County money will go toward bike paths
El Dorado County will receive more than $500,000 from the Tahoe Regional Planning Agency for bike path and transit projects.
The TRPA approved the release of $536,232 as part of El Dorado County’s Five-Year Air Quality Mitigation Fund Project List. The list includes $714,682 slated for bike path construction and $86,000 for bike path maintenance during the next five years. There was a balance of $711,182 in the AQMF account on March 1, 1998.
“The TRPA collects money when a commercial or residential property is developed. A part of the fee goes for air quality mitigation and put into an account for the project,” said Janel Gifford, senior civil engineer with the El Dorado County Transportation Department. “We had an accumulation in our account, so we asked if we can take some of it back.”
The recent allocation from the TRPA will be used specifically on two bike projects and one transit project. As part of the Pioneer Trail III Erosion Control Project, some of the recent funds will be used to start the process of adding bike lanes on both sides of Pioneer Trail, from Al Tahoe Boulevard up to Golden Bear Trail. The second project will be the Sawmill Bike Path, which will be a path beginning at Santa Fe in Meyers and then connecting with the Arapahoe bike trail, and beginning again at the Lake Tahoe Golf Course to meet at Sawmill Road.
“These monies will pay for the design portion,” said Gifford. “Other funding will go toward the actual construction.”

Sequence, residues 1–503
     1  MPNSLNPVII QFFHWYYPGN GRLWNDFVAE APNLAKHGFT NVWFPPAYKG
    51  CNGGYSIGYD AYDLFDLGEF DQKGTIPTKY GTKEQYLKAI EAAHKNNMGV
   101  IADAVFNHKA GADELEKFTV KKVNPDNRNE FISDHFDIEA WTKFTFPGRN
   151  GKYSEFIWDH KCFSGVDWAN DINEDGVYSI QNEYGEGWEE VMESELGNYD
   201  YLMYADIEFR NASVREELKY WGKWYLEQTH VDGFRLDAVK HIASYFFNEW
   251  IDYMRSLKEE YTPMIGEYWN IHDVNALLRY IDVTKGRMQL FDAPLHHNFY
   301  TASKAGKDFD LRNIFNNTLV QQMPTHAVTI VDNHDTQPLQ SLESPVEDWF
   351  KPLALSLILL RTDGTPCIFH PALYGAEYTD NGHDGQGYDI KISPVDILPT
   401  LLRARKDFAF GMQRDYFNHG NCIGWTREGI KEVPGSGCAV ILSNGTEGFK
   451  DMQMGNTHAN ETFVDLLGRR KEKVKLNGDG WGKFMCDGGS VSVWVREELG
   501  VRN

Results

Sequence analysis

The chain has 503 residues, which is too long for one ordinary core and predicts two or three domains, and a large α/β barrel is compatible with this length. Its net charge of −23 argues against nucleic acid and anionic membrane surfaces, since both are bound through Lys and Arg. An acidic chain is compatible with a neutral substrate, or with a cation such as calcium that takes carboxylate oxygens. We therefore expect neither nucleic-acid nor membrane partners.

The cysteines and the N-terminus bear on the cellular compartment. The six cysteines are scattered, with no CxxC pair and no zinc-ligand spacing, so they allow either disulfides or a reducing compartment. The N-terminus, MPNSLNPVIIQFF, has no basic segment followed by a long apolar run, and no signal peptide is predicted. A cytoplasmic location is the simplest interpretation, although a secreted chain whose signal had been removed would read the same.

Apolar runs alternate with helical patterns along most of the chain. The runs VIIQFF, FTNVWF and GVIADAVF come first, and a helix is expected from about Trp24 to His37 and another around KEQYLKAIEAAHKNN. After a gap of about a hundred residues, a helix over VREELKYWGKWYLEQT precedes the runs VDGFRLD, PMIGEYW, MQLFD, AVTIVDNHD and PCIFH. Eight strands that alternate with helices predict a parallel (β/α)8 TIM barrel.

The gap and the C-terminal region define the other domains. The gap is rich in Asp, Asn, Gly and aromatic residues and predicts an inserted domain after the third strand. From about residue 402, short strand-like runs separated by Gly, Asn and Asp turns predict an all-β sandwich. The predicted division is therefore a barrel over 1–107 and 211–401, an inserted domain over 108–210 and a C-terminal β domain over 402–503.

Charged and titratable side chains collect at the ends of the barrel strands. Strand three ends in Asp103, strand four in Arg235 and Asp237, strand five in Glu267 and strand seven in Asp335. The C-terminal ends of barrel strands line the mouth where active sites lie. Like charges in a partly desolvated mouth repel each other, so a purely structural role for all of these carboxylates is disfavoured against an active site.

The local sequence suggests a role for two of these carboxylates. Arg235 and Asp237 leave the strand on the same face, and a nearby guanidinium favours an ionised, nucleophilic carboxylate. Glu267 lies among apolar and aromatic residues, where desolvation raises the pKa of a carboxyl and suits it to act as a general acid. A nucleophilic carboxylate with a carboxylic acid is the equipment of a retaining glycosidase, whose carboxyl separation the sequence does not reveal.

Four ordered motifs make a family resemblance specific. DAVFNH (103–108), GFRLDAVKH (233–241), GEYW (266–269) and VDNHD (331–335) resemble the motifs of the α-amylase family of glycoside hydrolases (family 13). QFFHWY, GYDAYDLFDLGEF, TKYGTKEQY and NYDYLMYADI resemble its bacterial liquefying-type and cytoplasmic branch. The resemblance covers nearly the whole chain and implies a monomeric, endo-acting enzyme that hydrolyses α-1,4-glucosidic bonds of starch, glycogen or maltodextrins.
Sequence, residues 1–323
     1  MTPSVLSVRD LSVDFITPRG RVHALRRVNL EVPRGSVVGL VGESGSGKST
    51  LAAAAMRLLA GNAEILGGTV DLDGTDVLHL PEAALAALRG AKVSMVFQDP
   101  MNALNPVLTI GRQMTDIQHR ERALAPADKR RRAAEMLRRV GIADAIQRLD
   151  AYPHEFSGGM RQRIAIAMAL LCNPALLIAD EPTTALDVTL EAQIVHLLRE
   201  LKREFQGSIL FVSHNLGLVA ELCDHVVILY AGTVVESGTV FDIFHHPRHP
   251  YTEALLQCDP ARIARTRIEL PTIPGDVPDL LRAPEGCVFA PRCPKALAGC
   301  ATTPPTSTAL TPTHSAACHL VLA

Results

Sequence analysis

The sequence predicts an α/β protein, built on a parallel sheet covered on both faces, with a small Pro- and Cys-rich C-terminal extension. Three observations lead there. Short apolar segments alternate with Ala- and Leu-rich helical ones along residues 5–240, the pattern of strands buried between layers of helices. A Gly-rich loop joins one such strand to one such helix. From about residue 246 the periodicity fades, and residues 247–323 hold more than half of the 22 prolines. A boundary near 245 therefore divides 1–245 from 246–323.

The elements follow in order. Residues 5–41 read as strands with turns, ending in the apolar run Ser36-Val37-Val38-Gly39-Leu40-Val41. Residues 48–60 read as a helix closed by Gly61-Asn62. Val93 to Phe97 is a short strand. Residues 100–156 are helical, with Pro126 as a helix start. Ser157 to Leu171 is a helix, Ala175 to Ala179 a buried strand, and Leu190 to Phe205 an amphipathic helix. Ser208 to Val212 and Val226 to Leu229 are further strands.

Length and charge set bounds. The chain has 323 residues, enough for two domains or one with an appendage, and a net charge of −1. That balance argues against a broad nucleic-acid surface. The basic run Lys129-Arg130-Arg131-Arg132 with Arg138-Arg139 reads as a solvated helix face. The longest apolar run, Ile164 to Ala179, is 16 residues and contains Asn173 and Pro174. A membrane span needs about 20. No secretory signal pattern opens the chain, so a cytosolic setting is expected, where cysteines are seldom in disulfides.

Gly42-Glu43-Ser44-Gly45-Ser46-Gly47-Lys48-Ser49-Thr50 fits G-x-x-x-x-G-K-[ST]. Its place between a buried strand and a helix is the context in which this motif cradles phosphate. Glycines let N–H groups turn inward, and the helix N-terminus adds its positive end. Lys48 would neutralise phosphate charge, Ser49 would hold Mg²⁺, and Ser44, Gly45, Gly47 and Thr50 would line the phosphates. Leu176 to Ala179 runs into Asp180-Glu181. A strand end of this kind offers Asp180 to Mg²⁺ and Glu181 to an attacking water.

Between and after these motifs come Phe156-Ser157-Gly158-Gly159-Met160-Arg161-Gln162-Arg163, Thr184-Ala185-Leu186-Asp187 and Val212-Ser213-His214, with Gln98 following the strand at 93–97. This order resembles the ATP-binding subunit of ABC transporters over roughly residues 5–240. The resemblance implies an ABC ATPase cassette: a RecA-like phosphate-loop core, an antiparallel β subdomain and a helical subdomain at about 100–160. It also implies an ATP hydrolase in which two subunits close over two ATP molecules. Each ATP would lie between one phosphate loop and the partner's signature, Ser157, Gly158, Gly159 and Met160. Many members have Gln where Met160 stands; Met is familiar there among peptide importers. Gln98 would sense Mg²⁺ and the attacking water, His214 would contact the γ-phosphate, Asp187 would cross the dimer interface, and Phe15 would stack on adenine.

Funding will be used for path maintenance and assistance for Bus Plus.
“There will be maintenance money used for sweeping, lining of bike paths, signing and such. Some funding also will go to assist ATM (Area Transit Management) with providing Bus Plus and paratransit service,” Gifford said.
Bus Plus is an “on-demand” service, where customers are picked up at their homes for a fee.
A third bike project is scheduled to start soon. Part of the Angora Erosion Control Project, bike lanes will be constructed on both sides of Lake Tahoe Boulevard from Angora Creek Drive to Clearview Drive.
An additional $256,450 will be needed to finish the designated projects in the years to come, but the transportation department has yet to request it.
“We will probably go back and ask for more money when we run out of this, probably sometime in 1999,” Gifford said, who added that funding also comes via the California Conservancy, which is helping the county with erosion control.
A request of $673,226 from the TRPA for stream environment and erosion control projects was on Wednesday’s agenda, but it was continued until the June governing board meeting.
Tahoe Daily Tribune E-mail: firstname.lastname@example.org
Visitors Guide | News | Diversions | Marketplace | Weather | Community
Copyright, tahoe.com. Materials contained within this site may
not be used without permission.
Support Local Journalism
Support Local Journalism
Readers around the Lake Tahoe Basin and beyond make the Tahoe Tribune's work possible. Your financial contribution supports our efforts to deliver quality, locally relevant journalism.
Now more than ever, your support is critical to help us keep our community informed about the evolving coronavirus pandemic and the impact it is having locally. Every contribution, however large or small, will make a difference.
Your donation will help us continue to cover COVID-19 and our other vital local news.
Start a dialogue, stay on topic and be civil.
If you don't follow the rules, your comment may be deleted.
User Legend: Moderator Trusted User